|Authors: ||D.A. Kluepfel, A.E. McClean, L.E. Yakabe, M.M. Maccree, S.R. Parker|
|Keywords: ||crown gall, walnut, systemic infection, bacterial endophyte|
Paradox (Juglans hindsii × J. regia), the dominant rootstock used in California, USA walnut production, has many desirable horticultural characteristics, but is highly susceptible to crown gall.
Crown gall, caused by the bacterium Agrobacterium tumefaciens, is not consistently controlled with soil fumigation.
This observation, in conjunction with observations of galls occurring in above ground grafting wounds, led to the hypothesis that A. tumefaciens inoculum may be endophytic in walnut seedlings.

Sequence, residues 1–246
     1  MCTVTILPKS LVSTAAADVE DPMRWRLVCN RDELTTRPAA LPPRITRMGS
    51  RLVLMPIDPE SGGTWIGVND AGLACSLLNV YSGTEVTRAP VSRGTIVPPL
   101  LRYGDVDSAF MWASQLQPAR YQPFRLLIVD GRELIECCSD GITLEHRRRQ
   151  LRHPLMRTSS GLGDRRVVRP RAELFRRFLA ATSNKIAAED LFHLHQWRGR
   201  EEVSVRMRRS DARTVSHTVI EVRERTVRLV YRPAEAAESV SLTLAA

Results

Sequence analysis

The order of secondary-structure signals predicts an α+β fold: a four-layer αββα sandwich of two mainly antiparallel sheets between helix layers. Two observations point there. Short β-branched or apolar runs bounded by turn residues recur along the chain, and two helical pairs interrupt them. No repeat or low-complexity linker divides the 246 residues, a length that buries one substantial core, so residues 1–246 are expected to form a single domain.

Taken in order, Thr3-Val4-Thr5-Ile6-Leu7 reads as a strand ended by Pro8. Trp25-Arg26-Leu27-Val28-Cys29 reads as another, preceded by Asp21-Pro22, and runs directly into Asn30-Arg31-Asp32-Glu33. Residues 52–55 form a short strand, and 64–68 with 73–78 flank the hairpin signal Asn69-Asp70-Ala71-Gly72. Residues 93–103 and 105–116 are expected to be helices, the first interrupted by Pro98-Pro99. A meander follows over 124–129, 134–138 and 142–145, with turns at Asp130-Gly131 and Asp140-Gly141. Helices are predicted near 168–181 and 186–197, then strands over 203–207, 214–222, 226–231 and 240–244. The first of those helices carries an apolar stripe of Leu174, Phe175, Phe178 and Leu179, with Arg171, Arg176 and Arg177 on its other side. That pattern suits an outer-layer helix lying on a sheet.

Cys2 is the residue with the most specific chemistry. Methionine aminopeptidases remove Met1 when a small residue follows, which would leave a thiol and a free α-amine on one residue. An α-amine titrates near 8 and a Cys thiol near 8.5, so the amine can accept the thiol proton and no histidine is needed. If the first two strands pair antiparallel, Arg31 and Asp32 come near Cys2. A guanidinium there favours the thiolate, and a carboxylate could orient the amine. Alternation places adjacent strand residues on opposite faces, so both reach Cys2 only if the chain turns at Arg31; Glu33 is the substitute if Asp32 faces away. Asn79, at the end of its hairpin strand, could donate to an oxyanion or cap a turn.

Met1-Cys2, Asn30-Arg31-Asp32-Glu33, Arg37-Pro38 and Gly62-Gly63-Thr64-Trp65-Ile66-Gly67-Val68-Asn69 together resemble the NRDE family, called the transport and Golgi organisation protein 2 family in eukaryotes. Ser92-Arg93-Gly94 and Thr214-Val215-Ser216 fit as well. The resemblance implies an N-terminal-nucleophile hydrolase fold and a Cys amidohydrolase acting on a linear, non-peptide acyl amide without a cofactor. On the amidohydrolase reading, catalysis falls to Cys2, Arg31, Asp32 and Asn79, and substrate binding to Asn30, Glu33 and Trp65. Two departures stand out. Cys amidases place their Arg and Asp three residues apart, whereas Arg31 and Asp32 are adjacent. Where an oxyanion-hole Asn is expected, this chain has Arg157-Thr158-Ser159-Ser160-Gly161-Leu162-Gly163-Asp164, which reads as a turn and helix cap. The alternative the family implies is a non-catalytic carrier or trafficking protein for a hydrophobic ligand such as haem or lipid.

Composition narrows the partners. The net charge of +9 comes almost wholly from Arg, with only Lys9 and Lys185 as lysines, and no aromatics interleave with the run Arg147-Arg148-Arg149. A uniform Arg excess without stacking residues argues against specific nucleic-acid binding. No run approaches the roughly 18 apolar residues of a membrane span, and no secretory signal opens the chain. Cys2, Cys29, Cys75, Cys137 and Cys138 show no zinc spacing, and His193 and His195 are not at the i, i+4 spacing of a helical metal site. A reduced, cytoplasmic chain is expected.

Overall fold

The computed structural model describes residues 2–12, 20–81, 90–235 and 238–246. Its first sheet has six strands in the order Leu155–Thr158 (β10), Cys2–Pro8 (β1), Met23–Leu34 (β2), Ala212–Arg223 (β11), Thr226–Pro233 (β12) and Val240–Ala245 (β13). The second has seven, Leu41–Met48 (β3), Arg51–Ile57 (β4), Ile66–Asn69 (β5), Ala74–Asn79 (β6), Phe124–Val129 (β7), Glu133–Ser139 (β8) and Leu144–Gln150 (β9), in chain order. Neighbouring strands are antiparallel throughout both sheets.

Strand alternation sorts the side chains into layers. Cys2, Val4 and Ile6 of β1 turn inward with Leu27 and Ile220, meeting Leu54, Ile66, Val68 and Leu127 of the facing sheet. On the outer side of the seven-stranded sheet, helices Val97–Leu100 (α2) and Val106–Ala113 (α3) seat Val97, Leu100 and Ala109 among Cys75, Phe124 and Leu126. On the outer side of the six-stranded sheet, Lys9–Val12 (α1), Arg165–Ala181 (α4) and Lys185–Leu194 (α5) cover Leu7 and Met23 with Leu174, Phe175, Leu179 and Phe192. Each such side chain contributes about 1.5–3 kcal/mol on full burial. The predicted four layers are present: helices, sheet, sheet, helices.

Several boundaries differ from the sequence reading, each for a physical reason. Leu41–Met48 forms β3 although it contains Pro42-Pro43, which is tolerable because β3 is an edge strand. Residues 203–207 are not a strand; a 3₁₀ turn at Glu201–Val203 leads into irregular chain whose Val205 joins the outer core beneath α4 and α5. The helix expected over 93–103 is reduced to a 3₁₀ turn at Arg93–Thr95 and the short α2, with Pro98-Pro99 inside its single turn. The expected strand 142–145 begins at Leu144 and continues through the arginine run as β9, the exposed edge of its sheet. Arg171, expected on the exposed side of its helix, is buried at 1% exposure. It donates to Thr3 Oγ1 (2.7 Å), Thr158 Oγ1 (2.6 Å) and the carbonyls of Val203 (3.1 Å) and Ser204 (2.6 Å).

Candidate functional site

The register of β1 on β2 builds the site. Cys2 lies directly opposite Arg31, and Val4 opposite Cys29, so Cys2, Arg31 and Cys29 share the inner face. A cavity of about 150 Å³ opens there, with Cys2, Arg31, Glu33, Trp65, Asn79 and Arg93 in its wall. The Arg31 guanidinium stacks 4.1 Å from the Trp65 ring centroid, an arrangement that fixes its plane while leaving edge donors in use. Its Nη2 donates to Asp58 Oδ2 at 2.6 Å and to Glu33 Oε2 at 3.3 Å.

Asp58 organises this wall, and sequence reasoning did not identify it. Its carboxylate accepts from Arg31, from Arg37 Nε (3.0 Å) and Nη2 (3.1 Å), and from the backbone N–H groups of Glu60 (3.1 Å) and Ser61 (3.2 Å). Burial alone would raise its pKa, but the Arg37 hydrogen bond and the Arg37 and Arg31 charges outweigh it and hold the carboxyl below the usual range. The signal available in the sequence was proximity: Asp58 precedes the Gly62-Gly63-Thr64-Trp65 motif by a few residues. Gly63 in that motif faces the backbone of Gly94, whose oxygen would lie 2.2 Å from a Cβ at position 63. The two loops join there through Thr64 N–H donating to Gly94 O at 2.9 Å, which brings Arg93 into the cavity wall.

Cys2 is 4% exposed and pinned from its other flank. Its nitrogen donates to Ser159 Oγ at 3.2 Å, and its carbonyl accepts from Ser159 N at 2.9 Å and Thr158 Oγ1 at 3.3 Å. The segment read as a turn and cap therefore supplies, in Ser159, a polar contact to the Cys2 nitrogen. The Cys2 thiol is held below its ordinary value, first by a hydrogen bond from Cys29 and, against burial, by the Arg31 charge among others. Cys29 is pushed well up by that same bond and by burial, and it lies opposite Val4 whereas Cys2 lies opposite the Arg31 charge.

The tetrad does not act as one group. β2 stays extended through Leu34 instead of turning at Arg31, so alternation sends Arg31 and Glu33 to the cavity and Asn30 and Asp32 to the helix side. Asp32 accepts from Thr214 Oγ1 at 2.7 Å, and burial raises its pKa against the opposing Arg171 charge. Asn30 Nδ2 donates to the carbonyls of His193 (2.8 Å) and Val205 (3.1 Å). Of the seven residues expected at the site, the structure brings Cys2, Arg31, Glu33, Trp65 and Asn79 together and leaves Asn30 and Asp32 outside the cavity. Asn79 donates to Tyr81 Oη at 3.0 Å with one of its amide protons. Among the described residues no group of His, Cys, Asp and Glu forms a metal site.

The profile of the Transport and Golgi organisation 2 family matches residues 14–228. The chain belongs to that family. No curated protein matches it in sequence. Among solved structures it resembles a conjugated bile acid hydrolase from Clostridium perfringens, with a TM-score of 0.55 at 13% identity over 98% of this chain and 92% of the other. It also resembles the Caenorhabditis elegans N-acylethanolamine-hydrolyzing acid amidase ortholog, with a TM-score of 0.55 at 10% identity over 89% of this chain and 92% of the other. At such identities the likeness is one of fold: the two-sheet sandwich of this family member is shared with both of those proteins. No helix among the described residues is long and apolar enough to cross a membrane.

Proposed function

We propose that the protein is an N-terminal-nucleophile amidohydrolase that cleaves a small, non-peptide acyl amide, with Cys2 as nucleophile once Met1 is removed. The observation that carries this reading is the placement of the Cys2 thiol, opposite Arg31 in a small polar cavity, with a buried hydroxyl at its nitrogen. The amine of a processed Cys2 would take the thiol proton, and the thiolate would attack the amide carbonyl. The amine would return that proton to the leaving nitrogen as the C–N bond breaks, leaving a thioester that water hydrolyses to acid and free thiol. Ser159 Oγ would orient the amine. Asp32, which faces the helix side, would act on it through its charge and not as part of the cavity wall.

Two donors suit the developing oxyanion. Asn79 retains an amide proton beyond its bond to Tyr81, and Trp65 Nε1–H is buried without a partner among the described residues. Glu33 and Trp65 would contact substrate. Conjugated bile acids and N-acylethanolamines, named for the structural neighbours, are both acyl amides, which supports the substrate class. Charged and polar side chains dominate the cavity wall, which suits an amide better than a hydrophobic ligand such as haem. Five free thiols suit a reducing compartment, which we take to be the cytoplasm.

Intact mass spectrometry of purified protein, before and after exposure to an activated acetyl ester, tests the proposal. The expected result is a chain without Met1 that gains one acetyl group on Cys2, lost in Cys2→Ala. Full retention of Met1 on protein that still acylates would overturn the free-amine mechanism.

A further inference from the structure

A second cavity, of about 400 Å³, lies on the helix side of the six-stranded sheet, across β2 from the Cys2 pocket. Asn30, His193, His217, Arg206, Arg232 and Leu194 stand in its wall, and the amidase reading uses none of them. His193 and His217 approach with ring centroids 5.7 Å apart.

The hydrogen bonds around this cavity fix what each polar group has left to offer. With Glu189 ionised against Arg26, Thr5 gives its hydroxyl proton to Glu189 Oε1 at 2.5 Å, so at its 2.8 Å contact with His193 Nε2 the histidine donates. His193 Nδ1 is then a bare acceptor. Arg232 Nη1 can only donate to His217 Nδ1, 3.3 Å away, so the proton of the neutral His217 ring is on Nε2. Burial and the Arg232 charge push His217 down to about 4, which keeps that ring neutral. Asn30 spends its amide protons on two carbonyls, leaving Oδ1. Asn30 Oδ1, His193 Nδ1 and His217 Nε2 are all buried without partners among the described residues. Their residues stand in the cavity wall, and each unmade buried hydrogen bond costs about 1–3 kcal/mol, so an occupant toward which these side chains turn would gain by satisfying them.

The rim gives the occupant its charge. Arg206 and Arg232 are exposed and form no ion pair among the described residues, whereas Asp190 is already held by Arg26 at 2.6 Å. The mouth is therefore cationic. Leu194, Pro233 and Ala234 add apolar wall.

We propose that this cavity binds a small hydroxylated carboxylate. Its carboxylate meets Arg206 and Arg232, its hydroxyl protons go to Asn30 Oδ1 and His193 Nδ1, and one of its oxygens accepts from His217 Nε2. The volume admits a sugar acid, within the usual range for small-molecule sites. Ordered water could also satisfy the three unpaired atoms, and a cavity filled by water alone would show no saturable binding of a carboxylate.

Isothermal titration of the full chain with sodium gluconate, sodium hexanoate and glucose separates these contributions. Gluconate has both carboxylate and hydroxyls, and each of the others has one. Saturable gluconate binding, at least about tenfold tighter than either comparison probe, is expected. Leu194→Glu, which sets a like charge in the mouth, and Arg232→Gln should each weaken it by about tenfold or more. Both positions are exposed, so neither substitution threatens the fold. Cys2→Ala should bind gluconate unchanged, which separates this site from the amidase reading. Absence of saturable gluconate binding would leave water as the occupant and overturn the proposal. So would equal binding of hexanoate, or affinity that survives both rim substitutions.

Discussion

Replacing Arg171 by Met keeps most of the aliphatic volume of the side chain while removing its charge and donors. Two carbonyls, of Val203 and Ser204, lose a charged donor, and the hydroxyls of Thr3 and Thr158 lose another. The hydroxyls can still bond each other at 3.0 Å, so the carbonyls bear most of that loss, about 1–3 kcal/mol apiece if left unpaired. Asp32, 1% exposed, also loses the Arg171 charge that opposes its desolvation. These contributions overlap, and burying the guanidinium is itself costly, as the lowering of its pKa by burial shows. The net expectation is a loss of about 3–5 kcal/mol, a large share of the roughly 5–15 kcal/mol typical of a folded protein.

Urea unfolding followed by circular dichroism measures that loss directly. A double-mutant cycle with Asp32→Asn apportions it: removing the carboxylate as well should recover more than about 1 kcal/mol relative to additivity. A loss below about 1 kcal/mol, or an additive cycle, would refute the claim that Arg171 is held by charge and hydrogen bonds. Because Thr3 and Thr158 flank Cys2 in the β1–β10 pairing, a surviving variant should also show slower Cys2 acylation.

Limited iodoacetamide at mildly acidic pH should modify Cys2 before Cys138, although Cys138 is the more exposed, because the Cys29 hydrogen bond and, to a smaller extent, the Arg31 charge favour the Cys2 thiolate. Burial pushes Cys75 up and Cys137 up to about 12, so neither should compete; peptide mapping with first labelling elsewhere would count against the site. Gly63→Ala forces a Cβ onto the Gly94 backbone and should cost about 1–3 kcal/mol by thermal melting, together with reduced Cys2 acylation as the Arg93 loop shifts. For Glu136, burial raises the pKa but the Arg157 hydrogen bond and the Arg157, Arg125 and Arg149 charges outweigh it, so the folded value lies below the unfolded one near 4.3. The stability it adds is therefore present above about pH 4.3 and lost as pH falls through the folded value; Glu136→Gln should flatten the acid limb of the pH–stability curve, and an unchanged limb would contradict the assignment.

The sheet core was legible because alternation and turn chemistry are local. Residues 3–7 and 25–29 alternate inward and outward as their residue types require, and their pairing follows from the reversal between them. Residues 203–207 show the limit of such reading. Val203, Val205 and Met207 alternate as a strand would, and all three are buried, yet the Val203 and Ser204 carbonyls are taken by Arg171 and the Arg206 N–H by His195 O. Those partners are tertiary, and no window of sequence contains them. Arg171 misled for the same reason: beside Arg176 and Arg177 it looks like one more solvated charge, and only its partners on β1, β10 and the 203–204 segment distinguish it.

Paradox seeds collected directly from commercial Paradox mother trees (i.e., Juglans hindsii) were free of A. tumefaciens. Sampling conducted at multiple times during seed production revealed that seed-borne A. tumefaciens populations increased as a function of contact time with the orchard floor.
In greenhouse experiments, seeds inoculated with A. tumefaciens produce seedlings with galls at the crown and/or roots in the absence of artificial wounding.
Endophytic populations of A. tumefaciens were also found in shoot and root tissue.
These data suggest that A. tumefaciens inoculum may exist as a resident endophyte and that timely seed collection, limiting contact with the orchard floor, may be an important first step in preventing crown gall disease of walnut.
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